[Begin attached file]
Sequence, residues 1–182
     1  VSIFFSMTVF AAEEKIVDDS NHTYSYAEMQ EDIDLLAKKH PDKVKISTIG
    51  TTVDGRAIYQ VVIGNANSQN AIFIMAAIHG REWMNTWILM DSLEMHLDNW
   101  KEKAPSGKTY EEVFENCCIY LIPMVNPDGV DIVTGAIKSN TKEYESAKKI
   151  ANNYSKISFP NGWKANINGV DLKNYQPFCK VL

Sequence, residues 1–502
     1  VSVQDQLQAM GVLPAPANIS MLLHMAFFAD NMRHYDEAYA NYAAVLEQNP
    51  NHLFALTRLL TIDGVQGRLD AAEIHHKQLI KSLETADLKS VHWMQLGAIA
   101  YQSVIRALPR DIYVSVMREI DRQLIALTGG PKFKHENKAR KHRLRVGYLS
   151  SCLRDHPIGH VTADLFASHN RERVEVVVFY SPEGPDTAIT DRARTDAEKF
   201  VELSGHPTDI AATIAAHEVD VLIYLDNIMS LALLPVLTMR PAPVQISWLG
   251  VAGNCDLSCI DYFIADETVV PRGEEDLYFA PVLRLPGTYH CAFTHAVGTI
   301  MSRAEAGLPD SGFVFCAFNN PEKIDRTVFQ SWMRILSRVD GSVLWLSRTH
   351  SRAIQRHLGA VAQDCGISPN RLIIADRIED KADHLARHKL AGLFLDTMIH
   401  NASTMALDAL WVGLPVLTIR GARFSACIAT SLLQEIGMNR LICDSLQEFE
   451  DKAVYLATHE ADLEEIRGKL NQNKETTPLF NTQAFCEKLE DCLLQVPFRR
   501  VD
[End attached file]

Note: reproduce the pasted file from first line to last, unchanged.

Sequence, residues 1–182
     1  VSIFFSMTVF AAEEKIVDDS NHTYSYAEMQ EDIDLLAKKH PDKVKISTIG
    51  TTVDGRAIYQ VVIGNANSQN AIFIMAAIHG REWMNTWILM DSLEMHLDNW
   101  KEKAPSGKTY EEVFENCCIY LIPMVNPDGV DIVTGAIKSN TKEYESAKKI
   151  ANNYSKISFP NGWKANINGV DLKNYQPFCK VL

Sequence, residues 1–502
     1  VSVQDQLQAM GVLPAPANIS MLLHMAFFAD NMRHYDEAYA NYAAVLEQNP
    51  NHLFALTRLL TIDGVQGRLD AAEIHHKQLI KSLETADLKS VHWMQLGAIA
   101  YQSVIRALPR DIYVSVMREI DRQLIALTGG PKFKHENKAR KHRLRVGYLS
   151  SCLRDHPIGH VTADLFASHN RERVEVVVFY SPEGPDTAIT DRARTDAEKF
   201  VELSGHPTDI AATIAAHEVD VLIYLDNIMS LALLPVLTMR PAPVQISWLG
   251  VAGNCDLSCI DYFIADETVV PRGEEDLYFA PVLRLPGTYH CAFTHAVGTI
   301  MSRAEAGLPD SGFVFCAFNN PEKIDRTVFQ SWMRILSRVD GSVLWLSRTH
   351  SRAIQRHLGA VAQDCGISPN RLIIADRIED KADHLARHKL AGLFLDTMIH
   401  NASTMALDAL WVGLPVLTIR GARFSACIAT SLLQEIGMNR LICDSLQEFE
   451  DKAVYLATHE ADLEEIRGKL NQNKETTPLF NTQAFCEKLE DCLLQVPFRR
   501  VD